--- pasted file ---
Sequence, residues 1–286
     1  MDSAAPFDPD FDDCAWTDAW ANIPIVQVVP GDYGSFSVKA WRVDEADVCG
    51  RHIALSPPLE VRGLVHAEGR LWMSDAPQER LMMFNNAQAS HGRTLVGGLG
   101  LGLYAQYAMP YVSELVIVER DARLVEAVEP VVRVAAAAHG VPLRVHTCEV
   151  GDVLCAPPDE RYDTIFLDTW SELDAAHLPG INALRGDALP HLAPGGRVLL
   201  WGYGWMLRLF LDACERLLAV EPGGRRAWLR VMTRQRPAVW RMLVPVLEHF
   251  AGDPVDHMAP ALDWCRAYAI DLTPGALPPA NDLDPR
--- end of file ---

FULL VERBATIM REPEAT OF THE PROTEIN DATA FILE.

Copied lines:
Sequence, residues 1–286
     1  MDSAAPFDPD FDDCAWTDAW ANIPIVQVVP GDYGSFSVKA WRVDEADVCG
    51  RHIALSPPLE VRGLVHAEGR LWMSDAPQER LMMFNNAQAS HGRTLVGGLG
   101  LGLYAQYAMP YVSELVIVER DARLVEAVEP VVRVAAAAHG VPLRVHTCEV
   151  GDVLCAPPDE RYDTIFLDTW SELDAAHLPG INALRGDALP HLAPGGRVLL
   201  WGYGWMLRLF LDACERLLAV EPGGRRAWLR VMTRQRPAVW RMLVPVLEHF
   251  AGDPVDHMAP ALDWCRAYAI DLTPGALPPA NDLDPR